As a matter of course, the capacitor would need to go in the power supply to the Arduino.

It gets tricky. Depending on what else is powered by the alternator, if you connect a capacitor directly to it, then the other devices will likely discharge the capacitor when the alternator falters anyway; you would need a very big one. And it must be rated higher than the maximum voltage that will be generated.

Also, you need a proper 5 V switchmode "buck" regulator to provide your 5 V for the Arduino from your 12 V supply.

A few pieces of information. If the headlight has a filament it draws at least 10x its operating current, if warm less when first ignited. A standard halogen replacement bulbs are generally 55 watts for most vehicles while HID bulbs run at around 35 watts. Increasing the bulb wattage that you use will increase brightness, however because you can easily blind oncoming traffic, some states have restrictions on the maximum wattage your headlights can be. If it is HID there are electronic circuits and controls, and it has a specific ignition sequence, if violated life will be reduced to almost nothing. Calculate your worse case load then select a MOSFET that is rated to operate at that level or greater. I would suggest you get something like a 10 Watt LED and put it in the lamp housing, everything becomes very easy and extremely bright.This response is to help you get started in solving your problem, not solve it for you. Good Luck & Have Fun! Gil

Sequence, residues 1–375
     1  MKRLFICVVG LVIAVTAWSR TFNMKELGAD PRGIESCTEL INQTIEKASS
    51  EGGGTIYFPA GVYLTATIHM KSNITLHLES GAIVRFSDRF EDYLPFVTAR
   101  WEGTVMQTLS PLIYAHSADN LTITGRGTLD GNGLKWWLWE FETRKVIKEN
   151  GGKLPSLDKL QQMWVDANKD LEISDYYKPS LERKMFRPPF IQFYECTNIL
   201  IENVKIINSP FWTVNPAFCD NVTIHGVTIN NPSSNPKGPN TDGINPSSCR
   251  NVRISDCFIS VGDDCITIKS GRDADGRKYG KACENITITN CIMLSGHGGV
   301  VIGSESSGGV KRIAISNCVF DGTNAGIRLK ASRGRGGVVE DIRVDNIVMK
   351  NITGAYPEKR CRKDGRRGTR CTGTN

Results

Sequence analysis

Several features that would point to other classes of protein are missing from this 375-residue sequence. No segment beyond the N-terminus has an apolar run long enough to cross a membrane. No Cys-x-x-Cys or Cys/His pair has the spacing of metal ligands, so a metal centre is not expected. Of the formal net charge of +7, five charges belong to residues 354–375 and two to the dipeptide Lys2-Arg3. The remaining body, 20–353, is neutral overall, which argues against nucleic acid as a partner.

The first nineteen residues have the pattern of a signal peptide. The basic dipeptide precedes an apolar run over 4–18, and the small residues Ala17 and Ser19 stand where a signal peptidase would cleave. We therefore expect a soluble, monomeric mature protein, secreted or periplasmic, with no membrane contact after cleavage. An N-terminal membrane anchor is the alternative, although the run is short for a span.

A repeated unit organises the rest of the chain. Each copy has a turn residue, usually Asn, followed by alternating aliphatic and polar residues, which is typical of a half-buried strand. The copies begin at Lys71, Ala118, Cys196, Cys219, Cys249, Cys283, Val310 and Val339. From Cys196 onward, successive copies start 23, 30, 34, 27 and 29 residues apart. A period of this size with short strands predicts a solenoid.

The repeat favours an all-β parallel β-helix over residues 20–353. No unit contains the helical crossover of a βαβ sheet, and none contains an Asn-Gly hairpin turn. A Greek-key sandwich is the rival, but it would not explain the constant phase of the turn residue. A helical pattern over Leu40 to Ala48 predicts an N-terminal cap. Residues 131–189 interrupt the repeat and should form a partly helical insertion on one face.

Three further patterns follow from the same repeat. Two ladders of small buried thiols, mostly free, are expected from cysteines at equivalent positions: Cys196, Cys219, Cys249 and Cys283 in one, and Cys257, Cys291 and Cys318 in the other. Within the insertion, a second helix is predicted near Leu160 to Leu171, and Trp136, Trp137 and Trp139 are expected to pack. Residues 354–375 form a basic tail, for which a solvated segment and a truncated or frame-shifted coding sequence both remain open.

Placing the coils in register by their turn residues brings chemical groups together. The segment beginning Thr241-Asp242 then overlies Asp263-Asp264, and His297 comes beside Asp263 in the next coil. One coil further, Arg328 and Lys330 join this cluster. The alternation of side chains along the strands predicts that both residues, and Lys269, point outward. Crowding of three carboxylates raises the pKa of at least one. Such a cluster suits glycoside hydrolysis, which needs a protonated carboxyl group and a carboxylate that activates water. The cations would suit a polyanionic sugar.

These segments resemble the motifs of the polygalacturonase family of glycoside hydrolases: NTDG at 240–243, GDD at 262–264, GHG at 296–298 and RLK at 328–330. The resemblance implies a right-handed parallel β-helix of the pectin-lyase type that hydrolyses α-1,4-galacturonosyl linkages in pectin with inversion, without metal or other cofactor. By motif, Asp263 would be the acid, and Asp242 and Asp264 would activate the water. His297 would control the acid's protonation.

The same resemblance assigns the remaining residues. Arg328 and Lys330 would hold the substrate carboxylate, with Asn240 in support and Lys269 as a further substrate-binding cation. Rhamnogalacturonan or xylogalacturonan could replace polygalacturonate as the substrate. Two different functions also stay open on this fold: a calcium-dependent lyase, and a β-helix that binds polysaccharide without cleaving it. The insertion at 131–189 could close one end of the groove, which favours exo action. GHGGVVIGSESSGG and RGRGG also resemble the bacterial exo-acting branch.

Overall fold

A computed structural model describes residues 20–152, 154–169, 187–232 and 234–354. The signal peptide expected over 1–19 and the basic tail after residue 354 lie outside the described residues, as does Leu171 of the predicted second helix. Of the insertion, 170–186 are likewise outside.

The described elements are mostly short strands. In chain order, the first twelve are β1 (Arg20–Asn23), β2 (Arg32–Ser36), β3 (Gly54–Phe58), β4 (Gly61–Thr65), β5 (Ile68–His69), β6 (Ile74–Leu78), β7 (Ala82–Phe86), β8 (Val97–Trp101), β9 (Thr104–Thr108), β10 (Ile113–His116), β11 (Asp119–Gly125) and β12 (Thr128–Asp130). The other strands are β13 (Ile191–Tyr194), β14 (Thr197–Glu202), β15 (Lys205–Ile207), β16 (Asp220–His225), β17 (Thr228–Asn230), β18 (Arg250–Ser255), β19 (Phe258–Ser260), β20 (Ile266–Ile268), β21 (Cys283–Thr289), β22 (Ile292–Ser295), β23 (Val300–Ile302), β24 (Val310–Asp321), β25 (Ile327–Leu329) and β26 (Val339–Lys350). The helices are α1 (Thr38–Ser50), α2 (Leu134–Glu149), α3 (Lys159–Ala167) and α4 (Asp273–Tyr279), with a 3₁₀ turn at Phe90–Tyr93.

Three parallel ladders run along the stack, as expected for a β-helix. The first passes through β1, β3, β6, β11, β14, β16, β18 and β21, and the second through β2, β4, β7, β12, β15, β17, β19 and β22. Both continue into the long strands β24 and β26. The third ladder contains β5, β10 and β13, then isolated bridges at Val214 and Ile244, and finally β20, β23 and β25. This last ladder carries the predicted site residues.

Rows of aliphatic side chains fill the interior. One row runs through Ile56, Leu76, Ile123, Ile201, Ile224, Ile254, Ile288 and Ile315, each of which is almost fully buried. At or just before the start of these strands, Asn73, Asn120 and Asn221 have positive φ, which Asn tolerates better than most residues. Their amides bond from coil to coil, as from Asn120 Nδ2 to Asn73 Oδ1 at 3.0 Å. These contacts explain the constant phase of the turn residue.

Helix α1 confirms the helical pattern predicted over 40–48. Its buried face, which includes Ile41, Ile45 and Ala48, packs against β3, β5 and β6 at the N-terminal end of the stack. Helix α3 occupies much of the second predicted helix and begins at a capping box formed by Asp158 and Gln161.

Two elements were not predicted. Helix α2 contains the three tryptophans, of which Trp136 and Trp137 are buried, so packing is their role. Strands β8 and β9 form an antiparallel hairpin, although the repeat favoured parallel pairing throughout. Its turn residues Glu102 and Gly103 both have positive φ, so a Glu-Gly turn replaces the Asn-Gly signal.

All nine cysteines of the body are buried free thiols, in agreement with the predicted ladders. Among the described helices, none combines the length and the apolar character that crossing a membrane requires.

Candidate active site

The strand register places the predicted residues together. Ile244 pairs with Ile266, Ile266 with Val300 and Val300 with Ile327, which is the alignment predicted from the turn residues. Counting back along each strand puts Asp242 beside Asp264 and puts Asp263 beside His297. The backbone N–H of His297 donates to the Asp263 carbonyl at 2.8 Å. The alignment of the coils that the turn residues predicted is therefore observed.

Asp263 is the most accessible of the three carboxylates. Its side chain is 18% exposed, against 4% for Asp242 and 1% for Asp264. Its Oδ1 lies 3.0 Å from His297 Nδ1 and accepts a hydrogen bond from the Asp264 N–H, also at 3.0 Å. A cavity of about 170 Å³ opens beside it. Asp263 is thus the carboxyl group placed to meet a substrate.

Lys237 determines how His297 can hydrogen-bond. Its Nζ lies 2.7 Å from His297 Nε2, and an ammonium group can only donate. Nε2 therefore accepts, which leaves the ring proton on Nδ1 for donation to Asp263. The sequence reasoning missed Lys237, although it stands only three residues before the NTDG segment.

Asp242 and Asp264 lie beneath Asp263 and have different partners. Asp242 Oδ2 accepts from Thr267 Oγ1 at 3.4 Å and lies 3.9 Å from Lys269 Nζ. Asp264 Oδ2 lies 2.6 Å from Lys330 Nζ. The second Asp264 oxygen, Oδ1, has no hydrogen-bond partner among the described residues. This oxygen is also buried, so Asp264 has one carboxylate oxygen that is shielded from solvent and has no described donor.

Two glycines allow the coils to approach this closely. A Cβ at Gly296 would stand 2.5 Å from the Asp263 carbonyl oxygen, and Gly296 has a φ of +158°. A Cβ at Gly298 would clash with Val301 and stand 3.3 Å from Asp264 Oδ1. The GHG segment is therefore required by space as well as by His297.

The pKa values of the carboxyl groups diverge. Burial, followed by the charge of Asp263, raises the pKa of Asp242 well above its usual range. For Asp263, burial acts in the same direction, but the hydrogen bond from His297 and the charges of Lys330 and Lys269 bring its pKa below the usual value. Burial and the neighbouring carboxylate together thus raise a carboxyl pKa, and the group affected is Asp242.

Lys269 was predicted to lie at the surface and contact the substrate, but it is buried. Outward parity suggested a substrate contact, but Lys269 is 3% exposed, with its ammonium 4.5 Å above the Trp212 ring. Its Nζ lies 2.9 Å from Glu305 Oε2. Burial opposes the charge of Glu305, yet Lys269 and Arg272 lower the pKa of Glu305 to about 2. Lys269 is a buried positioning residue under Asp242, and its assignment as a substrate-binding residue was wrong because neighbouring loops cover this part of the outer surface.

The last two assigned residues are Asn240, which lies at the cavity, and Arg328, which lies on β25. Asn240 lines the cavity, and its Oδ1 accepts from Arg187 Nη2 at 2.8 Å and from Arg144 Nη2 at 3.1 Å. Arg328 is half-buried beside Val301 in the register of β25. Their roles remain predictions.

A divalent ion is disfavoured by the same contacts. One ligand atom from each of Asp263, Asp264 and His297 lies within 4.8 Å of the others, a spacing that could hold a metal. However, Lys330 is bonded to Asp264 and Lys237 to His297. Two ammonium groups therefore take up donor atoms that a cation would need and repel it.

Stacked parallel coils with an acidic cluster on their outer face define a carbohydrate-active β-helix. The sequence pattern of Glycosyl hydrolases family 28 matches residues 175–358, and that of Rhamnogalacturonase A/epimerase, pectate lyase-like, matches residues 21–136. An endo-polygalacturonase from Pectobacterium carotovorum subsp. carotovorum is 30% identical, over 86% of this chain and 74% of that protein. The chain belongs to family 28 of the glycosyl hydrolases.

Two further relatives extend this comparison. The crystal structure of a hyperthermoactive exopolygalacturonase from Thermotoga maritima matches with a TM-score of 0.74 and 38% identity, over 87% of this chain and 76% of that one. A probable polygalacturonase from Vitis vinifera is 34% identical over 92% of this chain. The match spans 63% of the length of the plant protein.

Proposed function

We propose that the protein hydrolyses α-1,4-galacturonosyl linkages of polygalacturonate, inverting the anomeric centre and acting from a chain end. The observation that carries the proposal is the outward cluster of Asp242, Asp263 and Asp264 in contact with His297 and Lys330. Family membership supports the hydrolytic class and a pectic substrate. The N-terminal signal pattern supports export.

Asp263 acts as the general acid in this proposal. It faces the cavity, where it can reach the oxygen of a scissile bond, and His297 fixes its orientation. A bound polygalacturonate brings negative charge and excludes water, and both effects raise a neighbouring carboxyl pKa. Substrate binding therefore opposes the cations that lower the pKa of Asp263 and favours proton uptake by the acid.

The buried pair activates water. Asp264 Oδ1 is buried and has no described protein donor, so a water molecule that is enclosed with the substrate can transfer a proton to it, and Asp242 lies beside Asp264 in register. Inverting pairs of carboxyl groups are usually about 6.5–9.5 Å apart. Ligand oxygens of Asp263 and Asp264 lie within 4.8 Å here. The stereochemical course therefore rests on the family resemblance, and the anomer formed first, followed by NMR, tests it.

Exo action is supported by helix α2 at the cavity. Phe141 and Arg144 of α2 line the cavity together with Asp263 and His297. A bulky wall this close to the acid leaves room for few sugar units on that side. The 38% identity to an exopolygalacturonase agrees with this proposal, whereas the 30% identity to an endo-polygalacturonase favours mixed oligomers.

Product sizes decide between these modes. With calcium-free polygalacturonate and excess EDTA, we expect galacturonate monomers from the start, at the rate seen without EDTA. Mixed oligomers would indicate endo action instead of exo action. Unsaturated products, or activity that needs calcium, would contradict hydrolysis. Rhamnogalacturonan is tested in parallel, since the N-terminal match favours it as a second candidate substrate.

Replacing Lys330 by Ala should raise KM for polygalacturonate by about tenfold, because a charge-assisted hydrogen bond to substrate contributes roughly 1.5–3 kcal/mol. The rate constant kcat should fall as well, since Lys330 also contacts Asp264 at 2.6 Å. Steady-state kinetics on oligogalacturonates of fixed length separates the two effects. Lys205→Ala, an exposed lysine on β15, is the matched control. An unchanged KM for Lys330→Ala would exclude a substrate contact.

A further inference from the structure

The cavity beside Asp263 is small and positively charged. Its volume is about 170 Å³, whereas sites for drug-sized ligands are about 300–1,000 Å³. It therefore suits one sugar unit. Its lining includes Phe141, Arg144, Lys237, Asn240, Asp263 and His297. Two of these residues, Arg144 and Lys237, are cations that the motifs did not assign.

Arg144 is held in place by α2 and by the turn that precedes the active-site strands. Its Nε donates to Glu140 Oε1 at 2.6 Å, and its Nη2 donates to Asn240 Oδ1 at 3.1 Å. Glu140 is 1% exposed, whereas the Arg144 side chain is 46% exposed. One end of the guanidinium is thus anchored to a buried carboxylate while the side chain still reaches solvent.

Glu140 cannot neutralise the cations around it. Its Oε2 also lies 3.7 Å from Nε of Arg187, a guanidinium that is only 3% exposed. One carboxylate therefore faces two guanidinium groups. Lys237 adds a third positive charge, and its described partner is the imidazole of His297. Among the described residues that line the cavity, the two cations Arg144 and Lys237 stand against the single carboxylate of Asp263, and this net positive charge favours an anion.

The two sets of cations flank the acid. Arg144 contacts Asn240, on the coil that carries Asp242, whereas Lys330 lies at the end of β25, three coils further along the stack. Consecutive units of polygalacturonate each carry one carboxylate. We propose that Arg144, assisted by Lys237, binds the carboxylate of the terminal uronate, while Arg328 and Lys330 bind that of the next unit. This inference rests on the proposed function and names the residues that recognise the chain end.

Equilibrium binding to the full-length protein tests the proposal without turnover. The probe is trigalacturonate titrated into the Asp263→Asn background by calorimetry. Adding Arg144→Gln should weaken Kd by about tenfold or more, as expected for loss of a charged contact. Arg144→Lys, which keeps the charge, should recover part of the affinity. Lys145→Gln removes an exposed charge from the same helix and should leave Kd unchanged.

gilshultz: I would suggest you get something like a 10 Watt LED and put it in the lamp housing, everything becomes very easy and extremely bright.This response is to help you get started in solving your problem, not solve it for you.

Don't suppose you just happened to read reply #5? :roll_eyes:

gilshultz: I have ... sourced a LED headlight and brake light so I know there are no sensors and if wired correctly will not pose an issue. I believe I just need to figure out the correct way to wire the UNO to the headlight switch so it works as designed and the rest of the wiring for the bike will not interfere.

The bulb is rated to last 30,000 hours and is more than adequate brightness at 2,500 lumens. Is there a way to predict how this will shorten the life? I am not planning on leaving the light in flashing morse code mode for more than a minute at a time and only using that mode infrequently.

Update: Figuring this out has meant going back to the drawing board for the entire wiring harness, ordering a part, waiting for it to arrive, testing to see if it will work and then taking the next step from there. Have not gotten back to how to power the Arduino yet.